In France at 42 I'm in my prime
Samantha Brick’s Daily Mail piece ‘Why do women hate me for being beautiful?’ became a viral internet hit, making her the butt of jokes and parodies and propelling her to notoriety, a stint in the Celebrity Big Brother house and spots on ITV’s This Morning. But, she tells Connexion, she would never have written it without the confidence gained from living in France...
I'D TAKE an intelligent guess in suggesting that a year ago - you probably didn’t have the foggiest idea who I am.
However I was catapulted into the limelight in April 2012 when I went from being just another expat who had fallen in love with and married a Frenchman, to a ‘controversial’ writer crucified across the globe for her strident views.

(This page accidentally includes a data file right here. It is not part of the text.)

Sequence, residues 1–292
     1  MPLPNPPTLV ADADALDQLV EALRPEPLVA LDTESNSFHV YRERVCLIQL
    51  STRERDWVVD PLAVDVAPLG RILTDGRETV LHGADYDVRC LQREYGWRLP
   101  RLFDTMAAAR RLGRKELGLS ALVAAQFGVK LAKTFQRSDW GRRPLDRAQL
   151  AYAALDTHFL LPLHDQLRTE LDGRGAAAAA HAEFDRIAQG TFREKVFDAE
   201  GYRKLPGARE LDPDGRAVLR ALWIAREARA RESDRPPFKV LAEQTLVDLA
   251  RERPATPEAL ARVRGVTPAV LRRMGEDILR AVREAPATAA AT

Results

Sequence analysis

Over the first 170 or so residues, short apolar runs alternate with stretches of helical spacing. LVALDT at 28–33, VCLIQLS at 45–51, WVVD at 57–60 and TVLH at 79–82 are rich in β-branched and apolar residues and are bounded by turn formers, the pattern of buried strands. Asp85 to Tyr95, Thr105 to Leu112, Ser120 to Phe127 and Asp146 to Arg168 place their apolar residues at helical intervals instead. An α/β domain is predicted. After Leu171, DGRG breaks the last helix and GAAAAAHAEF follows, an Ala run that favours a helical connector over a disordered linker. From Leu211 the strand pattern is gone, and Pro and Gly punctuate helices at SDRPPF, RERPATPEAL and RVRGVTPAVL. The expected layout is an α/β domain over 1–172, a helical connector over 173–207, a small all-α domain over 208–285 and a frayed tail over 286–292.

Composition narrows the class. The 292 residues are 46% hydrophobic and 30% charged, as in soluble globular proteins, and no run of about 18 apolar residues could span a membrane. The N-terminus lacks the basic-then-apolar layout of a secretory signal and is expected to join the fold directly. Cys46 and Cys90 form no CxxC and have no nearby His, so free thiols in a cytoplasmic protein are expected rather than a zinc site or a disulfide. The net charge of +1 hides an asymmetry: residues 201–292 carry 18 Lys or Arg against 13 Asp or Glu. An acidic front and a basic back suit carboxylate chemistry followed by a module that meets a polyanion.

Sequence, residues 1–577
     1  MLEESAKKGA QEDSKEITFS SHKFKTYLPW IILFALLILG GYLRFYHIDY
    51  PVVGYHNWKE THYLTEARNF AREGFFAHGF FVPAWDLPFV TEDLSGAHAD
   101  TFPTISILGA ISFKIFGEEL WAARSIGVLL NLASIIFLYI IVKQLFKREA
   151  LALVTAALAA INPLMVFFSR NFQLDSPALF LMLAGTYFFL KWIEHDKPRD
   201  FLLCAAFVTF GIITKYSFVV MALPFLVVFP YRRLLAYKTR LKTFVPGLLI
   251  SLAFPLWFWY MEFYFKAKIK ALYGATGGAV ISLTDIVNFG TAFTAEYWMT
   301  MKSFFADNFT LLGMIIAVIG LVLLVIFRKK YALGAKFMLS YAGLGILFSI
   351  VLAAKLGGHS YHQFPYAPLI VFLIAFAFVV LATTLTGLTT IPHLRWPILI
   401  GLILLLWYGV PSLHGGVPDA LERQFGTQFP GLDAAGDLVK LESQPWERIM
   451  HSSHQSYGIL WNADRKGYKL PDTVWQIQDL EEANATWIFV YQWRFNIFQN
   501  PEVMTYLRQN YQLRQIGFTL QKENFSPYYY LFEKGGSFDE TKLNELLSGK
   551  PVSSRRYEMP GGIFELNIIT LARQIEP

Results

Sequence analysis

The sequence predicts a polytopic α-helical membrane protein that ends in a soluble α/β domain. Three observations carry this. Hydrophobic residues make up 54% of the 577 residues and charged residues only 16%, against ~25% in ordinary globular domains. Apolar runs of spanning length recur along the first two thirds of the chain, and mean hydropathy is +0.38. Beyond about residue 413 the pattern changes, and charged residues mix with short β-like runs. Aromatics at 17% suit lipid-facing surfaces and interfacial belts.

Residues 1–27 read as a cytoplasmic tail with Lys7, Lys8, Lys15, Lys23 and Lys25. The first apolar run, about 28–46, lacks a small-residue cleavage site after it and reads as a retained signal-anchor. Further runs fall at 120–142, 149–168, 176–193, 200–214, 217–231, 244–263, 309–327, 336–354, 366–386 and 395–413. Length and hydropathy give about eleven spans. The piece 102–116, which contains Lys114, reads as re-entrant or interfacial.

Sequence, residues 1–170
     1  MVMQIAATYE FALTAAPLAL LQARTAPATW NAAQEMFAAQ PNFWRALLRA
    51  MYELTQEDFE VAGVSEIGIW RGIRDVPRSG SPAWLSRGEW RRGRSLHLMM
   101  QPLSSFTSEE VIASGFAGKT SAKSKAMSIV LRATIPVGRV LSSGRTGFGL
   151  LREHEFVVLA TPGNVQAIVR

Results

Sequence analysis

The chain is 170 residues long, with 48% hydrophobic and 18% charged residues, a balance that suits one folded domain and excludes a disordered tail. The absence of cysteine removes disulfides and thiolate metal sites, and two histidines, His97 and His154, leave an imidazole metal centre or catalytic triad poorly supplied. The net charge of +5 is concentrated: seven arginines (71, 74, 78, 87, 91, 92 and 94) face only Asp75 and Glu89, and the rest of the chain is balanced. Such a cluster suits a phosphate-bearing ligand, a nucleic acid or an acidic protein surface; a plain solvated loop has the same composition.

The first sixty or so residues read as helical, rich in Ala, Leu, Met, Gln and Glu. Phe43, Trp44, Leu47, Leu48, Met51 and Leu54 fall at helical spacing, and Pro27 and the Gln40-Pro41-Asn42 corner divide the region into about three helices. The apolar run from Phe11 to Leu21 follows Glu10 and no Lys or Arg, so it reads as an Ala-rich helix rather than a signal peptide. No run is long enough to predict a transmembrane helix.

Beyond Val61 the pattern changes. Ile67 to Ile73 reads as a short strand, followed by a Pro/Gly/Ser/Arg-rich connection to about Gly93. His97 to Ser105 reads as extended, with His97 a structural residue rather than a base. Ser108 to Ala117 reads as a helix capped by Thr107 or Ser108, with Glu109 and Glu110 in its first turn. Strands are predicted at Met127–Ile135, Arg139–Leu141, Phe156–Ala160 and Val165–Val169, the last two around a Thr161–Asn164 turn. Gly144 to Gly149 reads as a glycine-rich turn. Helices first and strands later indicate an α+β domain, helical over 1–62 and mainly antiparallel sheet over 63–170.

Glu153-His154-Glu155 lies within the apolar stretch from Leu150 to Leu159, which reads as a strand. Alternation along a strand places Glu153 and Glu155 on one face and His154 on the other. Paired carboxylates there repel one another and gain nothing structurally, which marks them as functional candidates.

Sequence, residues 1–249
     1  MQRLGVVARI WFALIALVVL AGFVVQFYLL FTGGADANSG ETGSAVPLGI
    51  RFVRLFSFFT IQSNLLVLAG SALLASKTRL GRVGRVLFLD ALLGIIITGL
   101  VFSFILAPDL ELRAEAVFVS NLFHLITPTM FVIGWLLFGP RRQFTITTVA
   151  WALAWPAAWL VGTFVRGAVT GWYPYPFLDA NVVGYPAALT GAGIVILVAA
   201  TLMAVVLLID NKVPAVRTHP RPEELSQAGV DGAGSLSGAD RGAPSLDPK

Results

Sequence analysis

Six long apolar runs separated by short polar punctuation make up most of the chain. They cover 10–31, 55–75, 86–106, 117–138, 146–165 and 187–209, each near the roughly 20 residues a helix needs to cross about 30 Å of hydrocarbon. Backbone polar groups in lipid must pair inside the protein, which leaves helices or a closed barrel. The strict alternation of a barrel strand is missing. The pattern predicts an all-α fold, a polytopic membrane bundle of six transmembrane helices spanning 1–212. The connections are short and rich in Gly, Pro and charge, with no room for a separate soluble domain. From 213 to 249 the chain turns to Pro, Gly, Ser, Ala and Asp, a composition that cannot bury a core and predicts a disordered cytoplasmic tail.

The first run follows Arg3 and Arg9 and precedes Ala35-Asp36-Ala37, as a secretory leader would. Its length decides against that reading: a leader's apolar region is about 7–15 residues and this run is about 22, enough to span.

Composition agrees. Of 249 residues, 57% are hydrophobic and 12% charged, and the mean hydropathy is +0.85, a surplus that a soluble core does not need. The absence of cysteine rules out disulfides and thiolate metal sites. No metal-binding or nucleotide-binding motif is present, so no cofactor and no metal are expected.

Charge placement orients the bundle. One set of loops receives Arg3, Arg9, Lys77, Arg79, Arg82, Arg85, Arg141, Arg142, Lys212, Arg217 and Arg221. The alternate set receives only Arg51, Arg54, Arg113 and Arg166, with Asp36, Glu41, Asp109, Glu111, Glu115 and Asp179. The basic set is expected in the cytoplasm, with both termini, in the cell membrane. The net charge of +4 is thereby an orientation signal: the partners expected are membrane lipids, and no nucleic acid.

I don’t exaggerate when I say that I became a household name overnight. The reason? I wrote a piece for the British newspaper the Daily Mail entitled Why do women hate me for being beautiful?.
When I pitched the idea in February of that same year, I made it perfectly clear to my editor that I rather suspected I would take a fair bit of flack for such a provocative opinion piece. But I couldn’t care less – I’d had enough of being judged and ostracised by jealous and insecure women who couldn’t see past what I looked like.
The morning I hit send on my email to propose the feature idea, I’d just been snubbed by one of my French neighbours – who was, I had discovered, terrified that her husband fancied me. Her husband – a friend of my other half – was regularly around our kitchen table discussing work or sharing an apero at the end of the working day. I even looked after her kids from time-to-time.
The cruelly delivered snub – she ignored my friendly wave as she drove past me - was the final nail in the coffin. My only crime was taking care of how I looked.